South Africa’s Home Affairs Minister, Aaron Motsoaledi, has attacked the Helen Suzman Foundation for challenging the ministry’s decision to terminate the Zimbabwean Exemption Permits.
In a statement, Motsoaledi said, “In an open and transparent democracy, organs of civil society have an important role to play. Most of the times, they do so in the national interest. However, at times, some of them can be a stumbling block in the implementation of Government’s rational and lawful decisions, which are in the national interest. The recent surprising court action launched by the Helen Suzman Foundation (HSF) is a perfect example of the destructive role that some non-governmental organisations (NGO) are capable of.”
Motsoaledi said his ministry has always engaged the HSF regarding some of the challenges faced by the Department in the past.
“The Minister has engaged with HSF on several occasions with positive outcomes. Since the announcement of the decision of the Minister not to extend the exemption granted to Zimbabwean nationals, he has engaged with several members of civil society with a view to manage the consequences of his decision collectively. This time around, the HSF was conspicuous by its silence. Little did the Minister know that the HSF was behind the scenes planning the so called “public interest” court action.
“There’s a disturbing and growing trend by some NGOs to sabotage the polycentric and policy laden decisions taken by Government by using the courts. This development must be nipped in the bud as soon as possible. South Africa is now under the dictatorship of some of the NGOs with some having faceless and dubious funders. Their ultimate aim is to assist in the dislodgement of government of the day from power by all means available.”
He said the decision of the Minister not to extend the exemptions granted to Zimbabwean nationals has been widely supported by South African citizens.
“The HSF, in its desperate bid to blackmail the nation, is twisting the support for the Minister’s decision by the majority of South African citizens as being 'xenophobic'. Nothing could be further from the truth. The HSF access to the courts is guaranteed in the Constitution. However, this should not be a licence to abuse the Bill of Rights by some armchair critics, who have no idea of the sacrifices and deaths of many freedom fighters, while they sat in the comfort of their homes because of the colour of their skin. They now claim to be champions of the human rights of the African people in whole continent.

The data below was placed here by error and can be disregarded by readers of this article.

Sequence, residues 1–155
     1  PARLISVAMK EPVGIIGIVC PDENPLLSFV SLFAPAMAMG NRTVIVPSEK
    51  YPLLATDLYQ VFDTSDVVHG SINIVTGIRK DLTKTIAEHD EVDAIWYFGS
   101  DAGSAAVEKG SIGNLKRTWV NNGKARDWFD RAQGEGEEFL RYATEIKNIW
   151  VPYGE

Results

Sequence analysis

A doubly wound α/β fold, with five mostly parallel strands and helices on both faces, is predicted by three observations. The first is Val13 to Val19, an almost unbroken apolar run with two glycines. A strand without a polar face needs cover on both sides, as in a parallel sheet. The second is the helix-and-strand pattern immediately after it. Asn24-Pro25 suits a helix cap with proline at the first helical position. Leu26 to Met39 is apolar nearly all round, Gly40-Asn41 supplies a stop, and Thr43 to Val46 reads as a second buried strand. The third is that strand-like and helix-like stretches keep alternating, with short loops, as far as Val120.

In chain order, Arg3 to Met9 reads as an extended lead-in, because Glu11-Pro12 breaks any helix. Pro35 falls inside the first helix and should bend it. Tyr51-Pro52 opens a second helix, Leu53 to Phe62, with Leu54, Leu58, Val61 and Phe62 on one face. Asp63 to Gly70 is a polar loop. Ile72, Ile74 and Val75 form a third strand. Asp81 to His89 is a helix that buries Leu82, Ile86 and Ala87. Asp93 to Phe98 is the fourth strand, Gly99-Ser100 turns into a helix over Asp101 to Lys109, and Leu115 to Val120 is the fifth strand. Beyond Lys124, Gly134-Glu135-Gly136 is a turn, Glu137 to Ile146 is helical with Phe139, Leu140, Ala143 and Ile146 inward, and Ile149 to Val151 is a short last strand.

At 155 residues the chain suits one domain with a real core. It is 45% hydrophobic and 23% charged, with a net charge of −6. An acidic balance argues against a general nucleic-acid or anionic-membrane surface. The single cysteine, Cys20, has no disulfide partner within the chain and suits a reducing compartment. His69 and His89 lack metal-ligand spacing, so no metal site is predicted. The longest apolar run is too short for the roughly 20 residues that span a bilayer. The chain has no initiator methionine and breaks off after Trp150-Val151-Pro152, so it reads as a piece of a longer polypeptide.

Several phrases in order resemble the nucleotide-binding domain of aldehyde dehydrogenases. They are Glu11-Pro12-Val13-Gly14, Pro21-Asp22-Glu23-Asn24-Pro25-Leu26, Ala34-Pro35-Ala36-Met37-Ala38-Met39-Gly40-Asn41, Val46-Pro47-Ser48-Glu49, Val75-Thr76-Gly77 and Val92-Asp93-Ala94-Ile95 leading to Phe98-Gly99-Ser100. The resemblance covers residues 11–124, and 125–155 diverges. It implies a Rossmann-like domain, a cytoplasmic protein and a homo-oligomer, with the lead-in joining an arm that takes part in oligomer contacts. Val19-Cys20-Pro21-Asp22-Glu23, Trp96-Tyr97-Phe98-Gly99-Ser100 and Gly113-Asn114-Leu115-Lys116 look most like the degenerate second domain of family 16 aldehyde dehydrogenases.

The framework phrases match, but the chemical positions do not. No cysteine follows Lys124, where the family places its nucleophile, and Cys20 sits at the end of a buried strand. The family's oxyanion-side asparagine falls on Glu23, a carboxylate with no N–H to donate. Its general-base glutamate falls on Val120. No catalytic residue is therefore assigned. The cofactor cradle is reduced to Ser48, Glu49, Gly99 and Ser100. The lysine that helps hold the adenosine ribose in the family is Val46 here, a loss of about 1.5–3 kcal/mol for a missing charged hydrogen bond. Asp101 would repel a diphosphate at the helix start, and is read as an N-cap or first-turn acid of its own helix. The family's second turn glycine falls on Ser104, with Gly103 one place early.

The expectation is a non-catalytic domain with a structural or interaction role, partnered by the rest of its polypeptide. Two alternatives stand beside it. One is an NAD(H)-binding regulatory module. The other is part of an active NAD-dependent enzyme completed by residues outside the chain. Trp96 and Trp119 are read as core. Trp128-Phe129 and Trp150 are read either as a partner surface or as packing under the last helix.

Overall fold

“The HSF is now conveniently playing the victim card by alleging that it is being threatened. We have no evidence of the alleged threat. If it is true, the Minister does not condone and strongly condemns such threats. On the contrary, it is public knowledge that the Minister was openly threatened after taking the decision. Death threats were issued against him publicly.”
Motsoaledi said the Minister and the Department of Home Affairs will vigorously defend the lawful, reasonable and rational decision of the Minister.
“We cannot be expected to throw up our hands in despair and fail the people of South Africa. Having said that, the Minister’s door is always open for constructive engagement, rather than waste the ever shrinking Government resources to defend unnecessary court challenges. The Minister hopes that sense will prevail and that the HSF will opt for engagement than embark on a spurious court action, which can only lead to further tensions between citizens and foreign nationals.
“If HSF has the interests of Africans in the continent at heart, the Minister expects it to play its constructive role in assisting the affected Zimbabwean nationals to apply for one or the other visas provided for in the Immigration Act. The Minister calls upon all affected Zimbabwean nationals to ignore the false hope created by the HSF and adhere to the procedures outlined by the Department in various public notices and communication.